Everyone expects Meth labs to explode regularly because the process of making Meth, while simple, is inherently vulnerable to explosion because of the chemicals involved or if, as often is the case, the operator is inexperienced, careless, inattentive or stoned or, as also often happens, the equipment is poorly made or the work location is poorly vented.
But for some reason, makers of Hash Oil appear to think that they are working with a less dangerous process, or that they have more leeway to be careless or stupid, which isn’t the case – a fact testified to by dozens of hash oil facility explosions every month, especially in states where Cannabis is now legal and so there is a surplus of waste material that practically begs to be used. Squeezing the last drop of goodness out of waste Cannabis leaf is an almost irresistible temptation, and that is completely understandable.
While making hash oil safely on a large scale is absolutely possible, given the right knowledge, equipment and procedures, in this short blog I want to address the small-scale grower/maker who is equally vulnerable to deadly explosion and fire unless they are informed and careful, but who are much more often working in a basement or garage where other people, often their own children are present.
There are safe and effective ways to extract the delightful properties of Cannabis from waste leaf left over from trimming, and the internet if full of kitchen chemists and their advice. I’m writing this blog to encourage these small-scale alchemists to think twice before just googling “How To Make Hash Oil” and then following the first advice that pops up on their screen.
Like the old coach says – there’s a right way, and a wrong way to do things. Here then is a short set of illustrations of what to watch for, illustrating the range of good-to-bad advice available on the internet.
This excellent article offers safe method for small-batch home extraction. It is detailed and the steps are all well-illustrated, and the results should please anyone who is willing to follow the directions.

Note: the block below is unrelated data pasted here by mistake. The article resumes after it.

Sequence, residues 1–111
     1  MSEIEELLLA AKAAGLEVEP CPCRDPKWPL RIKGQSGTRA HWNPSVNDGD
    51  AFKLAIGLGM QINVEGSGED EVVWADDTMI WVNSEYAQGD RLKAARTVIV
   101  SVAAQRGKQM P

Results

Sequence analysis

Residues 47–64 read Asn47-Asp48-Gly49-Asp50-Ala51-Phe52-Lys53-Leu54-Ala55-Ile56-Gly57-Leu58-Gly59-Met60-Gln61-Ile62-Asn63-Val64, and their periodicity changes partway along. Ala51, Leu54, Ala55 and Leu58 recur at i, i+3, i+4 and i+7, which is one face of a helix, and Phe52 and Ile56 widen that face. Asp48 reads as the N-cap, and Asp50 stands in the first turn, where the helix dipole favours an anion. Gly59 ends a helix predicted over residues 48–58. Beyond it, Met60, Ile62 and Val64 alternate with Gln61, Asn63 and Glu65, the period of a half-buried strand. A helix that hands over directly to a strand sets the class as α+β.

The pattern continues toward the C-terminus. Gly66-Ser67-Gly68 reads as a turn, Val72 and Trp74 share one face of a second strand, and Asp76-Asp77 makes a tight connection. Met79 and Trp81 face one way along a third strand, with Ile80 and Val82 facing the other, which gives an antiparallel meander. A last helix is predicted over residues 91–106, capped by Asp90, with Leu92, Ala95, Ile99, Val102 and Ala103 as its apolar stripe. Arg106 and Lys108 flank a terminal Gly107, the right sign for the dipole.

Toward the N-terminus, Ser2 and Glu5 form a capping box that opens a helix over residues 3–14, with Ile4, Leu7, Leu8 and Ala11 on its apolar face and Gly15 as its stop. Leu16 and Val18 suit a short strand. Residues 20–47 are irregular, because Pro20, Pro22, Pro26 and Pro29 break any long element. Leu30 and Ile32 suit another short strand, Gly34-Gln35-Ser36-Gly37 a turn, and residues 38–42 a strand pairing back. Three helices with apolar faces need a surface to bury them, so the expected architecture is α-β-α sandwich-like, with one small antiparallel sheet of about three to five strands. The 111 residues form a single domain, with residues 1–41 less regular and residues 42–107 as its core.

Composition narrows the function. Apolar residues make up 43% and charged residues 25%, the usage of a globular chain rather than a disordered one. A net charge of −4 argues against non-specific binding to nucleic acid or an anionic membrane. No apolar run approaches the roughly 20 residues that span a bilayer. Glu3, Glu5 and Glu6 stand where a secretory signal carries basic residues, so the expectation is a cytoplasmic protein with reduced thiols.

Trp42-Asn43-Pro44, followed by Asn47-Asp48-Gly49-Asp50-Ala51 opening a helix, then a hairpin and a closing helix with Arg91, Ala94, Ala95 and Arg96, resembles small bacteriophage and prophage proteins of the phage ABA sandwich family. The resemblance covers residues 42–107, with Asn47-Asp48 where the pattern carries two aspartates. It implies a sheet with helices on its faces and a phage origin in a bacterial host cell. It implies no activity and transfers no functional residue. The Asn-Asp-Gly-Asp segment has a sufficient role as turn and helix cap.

Lengthy article that reviews a lot of different methods and is full of cautionary notes that should be read and clearly understood, but given the length and complexity of the piece not everybody will come away knowing exactly how to make hash oil safely.
This is a decent description of how to use alcohol instead of butane to make small batches of hash oil. The writer doesn’t seem to care much about the quality of the Cannabis being used, but the steps to take are well-illustrated with photos and if you follow the directions the method is safe. The key is evaporating the alcohol without an open flame and the writer’s suggestion of a rice cooker is a good one.
Here is an example of a well-meaning writer giving advice that can cause serious injury or death. Although the article has a lot of positives – it talks about using high quality organic Cannabis and being selective about the strains you choose – your first clue to the fact that the writer may not be totally safety conscious is the first photo.
He is illustrating the point that you need to work in a well-organized, clean space and the shot is of a very nice kitchen – with a four-burner gas stove! Later on, he goes into great detail about how to use a double boiler over high heat (on the stove!) to evaporate the alcohol.
There’s only one thing to say about this – alcohol fumes ignite, and they are ignited by open flames, and they can ignite explosively. This article is an excellent example of why you have to be careful where you get your advice!but
I hope that the following suggestion isn’t too self-serving, if you want dozens of safe, effective, and diverse Cannabis extraction methods explained in clear, step-by-step fashion, I believe that my 1981 book “Marijuana Foods” is probably still one of the best around. I covered dozens of natural, non-explosive extraction methods for producing Cannabis extracts for cooking medibles, and they are all safe and effective. In fact, even with all the recipes floating around today, almost 40 years later, there’s not much that wasn’t covered pretty thoroughly in this original book – the first of its kind, incidentally.